Red Sox still mulling reliever options

How buoyant were the Red Sox on their way home after sweeping the Angels at the end of their 10-game, three-city tour of the West Coast? There was some high-spirited singing on the plane, according to someone who was there, a measure of the general optimism that still pervades even as the club resumes play Friday with the Yankees and Rays holding healthy leads in the American League East.

The trade deadline is Saturday at 4 p.m., giving general manager Theo Epstein essentially another day and a half to consummate his quest for a reliever. The Sox were still considering four or five options, according to one major league source who predicted that it might take the deadline to prod teams into action. Another Sox source also underscored the possibility that the Sox may wait until the August waiver period before they act.

One reliever of note was traded Thursday, Washington Nationals closer Matt Capps going to the Minnesota Twins for two minor leaguers, including top catching prospect Wilson Ramos.

There are no real names added to the list of relievers the Sox are looking at, though there was one report that the Sox asked about 42-year-old Milwaukee reliever Trevor Hoffman. But his 6.82 ERA, 8 home runs in 33 innings and a career-worst WHIP (walks plus hits per inning) of 1.515 would hardly justify a contender’s interest, though he has pitched better since being replaced as the Brewers’ closer.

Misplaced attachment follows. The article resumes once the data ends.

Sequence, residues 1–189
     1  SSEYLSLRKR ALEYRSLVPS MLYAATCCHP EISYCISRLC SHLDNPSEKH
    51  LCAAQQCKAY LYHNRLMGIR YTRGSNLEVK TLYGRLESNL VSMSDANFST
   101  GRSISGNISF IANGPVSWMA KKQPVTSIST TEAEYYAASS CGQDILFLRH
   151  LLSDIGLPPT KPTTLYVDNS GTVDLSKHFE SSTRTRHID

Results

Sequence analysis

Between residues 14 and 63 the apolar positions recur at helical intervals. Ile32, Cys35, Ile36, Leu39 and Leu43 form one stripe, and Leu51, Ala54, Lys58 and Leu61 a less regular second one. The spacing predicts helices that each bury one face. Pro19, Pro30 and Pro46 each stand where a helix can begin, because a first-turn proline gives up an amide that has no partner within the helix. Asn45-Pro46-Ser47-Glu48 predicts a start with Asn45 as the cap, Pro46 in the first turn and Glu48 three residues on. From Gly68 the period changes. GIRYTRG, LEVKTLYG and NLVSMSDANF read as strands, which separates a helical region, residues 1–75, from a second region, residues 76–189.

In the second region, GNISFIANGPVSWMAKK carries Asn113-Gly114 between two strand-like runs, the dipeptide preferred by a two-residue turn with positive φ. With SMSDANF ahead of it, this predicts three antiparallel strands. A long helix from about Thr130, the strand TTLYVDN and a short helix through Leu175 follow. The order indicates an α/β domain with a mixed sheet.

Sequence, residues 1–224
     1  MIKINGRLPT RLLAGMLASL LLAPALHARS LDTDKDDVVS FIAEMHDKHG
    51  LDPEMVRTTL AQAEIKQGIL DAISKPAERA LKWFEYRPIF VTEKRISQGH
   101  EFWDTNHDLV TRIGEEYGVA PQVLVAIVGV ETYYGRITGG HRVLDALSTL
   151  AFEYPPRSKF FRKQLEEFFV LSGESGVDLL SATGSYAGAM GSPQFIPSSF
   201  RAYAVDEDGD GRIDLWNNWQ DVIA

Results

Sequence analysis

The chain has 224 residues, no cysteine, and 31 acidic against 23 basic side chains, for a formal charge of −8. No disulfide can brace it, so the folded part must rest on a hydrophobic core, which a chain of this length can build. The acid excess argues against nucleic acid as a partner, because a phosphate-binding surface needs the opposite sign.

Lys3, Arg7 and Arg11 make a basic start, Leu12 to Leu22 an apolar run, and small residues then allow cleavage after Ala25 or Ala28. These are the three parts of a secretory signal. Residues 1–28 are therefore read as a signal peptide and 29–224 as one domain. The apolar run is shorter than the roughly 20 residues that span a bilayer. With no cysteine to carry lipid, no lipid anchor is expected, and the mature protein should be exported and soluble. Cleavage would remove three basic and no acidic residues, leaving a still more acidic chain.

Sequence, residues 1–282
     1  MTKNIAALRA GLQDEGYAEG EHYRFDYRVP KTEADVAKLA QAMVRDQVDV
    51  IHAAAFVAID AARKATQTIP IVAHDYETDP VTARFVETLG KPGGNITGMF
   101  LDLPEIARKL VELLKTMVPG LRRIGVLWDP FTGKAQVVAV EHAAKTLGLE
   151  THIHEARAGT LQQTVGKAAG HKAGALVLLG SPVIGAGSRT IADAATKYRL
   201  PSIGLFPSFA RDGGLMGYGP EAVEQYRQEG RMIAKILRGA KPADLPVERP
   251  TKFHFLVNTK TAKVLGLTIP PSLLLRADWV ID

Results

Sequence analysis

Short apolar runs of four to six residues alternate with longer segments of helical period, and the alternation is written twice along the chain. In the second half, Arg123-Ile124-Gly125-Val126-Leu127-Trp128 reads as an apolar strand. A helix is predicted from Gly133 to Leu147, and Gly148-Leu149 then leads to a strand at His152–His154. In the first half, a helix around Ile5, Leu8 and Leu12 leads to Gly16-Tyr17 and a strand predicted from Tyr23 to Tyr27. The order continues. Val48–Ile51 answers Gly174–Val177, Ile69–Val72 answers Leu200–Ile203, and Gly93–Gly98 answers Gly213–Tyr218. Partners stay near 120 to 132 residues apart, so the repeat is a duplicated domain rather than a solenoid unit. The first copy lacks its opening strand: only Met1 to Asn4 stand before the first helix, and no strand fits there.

Toronto left-hander Scott Downs remains the most attractive reliever available, but with a number of clubs looking for a lefty reliever, Blue Jays GM Alex Anthopoulos has felt no urgency to drop his asking price of one or two quality prospects.

The Red Sox did not use lefty Hideki Okajima in the Angels series, even without closer Jonathan Papelbon and setup man Daniel Bard available for Wednesday’s series finale. Okajima has not pitched since giving up five straight hits and taking the loss in a 4-2 defeat in Seattle on Sunday. The Sox had shut down Okajima early this month for a few days because of some back stiffness; it remains to be seen if that was a factor in the decision to not use him in Anaheim.

Last season, 10 trades were made on the last day of the trading deadline, compared to a total of 6 in the previous two days. On average, nine trades have been made on deadline day since 2003, so a late flurry cannot be ruled out.

Epstein has acquired relief help via a trade or waiver deal in every year that he has been Sox GM except one: 2008. Last season’s prize was Billy Wagner, who came from the Mets in a waiver deal. As more teams determine they are not in contention in August, more players are likely to become available.

The Sox have a decision to make regarding Mike Lowell, who made a convincing demonstration that he can still hit by batting .500 (11-for-22) with four home runs -- three in one game -- and 10 RBIs in a five-game rehab stint with Pawtucket. The Rangers and Tigers, teams that had scouted Lowell last week, said thanks but no thanks, quickly moving to add other players. The Tigers got Jhonny Peralta from the Indians and the Rangers acquired Jorge Cantu from the Florida Marlins.

Lowell’s usefulness to the Red Sox is extremely limited, given that he plays behind three of the most productive hitters in the lineup -- Adrian Beltre, Kevin Youkilis and David Ortiz. A team that could use a right-handed hitting DH would be an ideal fit for Lowell, but so far there have been no takers and the Sox have repeatedly said they will not grant him his release.

The Sox also are expected to announce Friday that outfielder Jacoby Ellsbury, who played a full nine innings Thursday in the Gulf Coast League, will continue his rehab in Pawtucket starting Saturday.